Next to the fox fur the hat has a big felt bow. The side has two horizontal slashes that are reattached with decorative stitching. A very quirky hat indeed. I found it on 'Markplaats' (the Dutch equivalent of Ebay, sort of) and had to have it.

Another favorite piece of this outfit is the leather purse. It has an eveloppe shape and has to be carried in your hand. Together with carrying around a fox you can hardly do anything else as you don't have a free arm left. Si perfect for pretending to be a lady of leasure with nothing to do but go and have tea...(do note the pretending, keeping up appearances is key ;))

The purse looks very simple and rather timelessly modern but also very Art Deco.

I always love matching little purses!

Gloves of white kid leather, only for show, as soon as you eat or drink you should take them off (they did not really eat with covered fingers even then...)
One last impression of the entire look. Here the curls were more or less intact.... as it was raining outside they did not stay as perfect as I would have liked.

Lets hope for Sunny days!

zondag 22 maart 2015

A new wardrobe favorite: blue baret hat

Last week I bought several 1930's/1940's hats at an 'at home fair' with friends. The great thing about this is the combination of socializing, shopping and making sure the stuff you don't wear anymore goes to a loving home. And as you are among friends everybodies prices are very friendly indeed.  From the 4 (!) hats I ended up taking home this is the one I have already worn several times this week.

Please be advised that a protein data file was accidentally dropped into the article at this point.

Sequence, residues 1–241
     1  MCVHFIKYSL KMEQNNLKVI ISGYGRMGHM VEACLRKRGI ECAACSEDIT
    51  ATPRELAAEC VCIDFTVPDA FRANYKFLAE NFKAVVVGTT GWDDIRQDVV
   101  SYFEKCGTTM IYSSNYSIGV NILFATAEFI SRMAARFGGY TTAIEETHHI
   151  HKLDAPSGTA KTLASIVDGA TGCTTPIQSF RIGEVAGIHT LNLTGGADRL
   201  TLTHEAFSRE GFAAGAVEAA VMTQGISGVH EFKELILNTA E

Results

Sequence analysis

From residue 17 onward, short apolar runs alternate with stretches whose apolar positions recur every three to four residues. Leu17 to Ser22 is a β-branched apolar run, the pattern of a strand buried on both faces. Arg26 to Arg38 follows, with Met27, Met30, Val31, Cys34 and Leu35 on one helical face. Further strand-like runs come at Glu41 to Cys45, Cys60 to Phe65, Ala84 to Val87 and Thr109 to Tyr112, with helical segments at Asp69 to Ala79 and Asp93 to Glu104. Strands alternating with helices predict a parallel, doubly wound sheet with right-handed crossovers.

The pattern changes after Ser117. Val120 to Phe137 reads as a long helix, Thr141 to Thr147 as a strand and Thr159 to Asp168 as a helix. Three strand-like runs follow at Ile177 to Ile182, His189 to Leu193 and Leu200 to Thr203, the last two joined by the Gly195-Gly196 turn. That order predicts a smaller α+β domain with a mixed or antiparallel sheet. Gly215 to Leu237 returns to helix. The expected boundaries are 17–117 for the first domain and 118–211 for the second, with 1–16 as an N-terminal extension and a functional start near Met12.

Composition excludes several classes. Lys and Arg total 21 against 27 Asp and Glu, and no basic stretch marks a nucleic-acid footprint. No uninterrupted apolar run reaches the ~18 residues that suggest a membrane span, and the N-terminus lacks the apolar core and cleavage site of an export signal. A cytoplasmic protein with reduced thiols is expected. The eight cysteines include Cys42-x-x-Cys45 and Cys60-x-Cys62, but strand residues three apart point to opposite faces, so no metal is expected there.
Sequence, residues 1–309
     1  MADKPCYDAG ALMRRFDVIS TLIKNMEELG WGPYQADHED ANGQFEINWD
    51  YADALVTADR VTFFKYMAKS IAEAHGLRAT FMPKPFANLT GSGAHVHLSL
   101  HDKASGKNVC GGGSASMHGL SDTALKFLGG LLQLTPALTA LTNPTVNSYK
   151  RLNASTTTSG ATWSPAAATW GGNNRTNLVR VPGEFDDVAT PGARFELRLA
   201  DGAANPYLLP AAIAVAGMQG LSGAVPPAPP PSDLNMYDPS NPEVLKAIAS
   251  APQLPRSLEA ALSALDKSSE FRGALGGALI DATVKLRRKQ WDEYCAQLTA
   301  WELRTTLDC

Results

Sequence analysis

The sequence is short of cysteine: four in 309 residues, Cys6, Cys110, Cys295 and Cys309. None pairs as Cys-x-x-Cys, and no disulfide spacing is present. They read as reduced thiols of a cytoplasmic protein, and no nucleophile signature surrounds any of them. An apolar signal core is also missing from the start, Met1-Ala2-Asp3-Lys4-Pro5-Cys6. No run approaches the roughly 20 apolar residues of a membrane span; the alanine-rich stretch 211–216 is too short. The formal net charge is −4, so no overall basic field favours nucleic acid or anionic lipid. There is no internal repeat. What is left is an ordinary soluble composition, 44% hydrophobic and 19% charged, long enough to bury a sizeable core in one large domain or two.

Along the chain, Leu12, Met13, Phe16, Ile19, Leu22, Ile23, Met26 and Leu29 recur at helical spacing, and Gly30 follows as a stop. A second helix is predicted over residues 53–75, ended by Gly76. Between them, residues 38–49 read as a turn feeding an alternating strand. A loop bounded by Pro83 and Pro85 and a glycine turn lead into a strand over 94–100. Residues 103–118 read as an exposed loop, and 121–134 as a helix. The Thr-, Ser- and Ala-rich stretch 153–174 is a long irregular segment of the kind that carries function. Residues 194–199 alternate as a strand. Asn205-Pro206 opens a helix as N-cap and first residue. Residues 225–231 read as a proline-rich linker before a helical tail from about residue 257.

It probably has everyting to do with the fact that it can be worn in a rather casual way AND is easy to attach to my hair. It only looks like a beret but it is more than that because of the shape and the fact that it stands up around your head.

It is made from wool fabric (not felt), that looks a bit like suede leather from a distance. The only decoration is a grosgrain ribbon hanging from the back giving it a young girly flair.

The soft fabric is lined with a mesh fabric. The mesh was treated with something to make it stiff. This has unfortunately made it quite breakable, so I have to take care when I put it on.
I would not be surprized if this hat was home made as it has no label and this fabric would be far more easy to stitch than felt.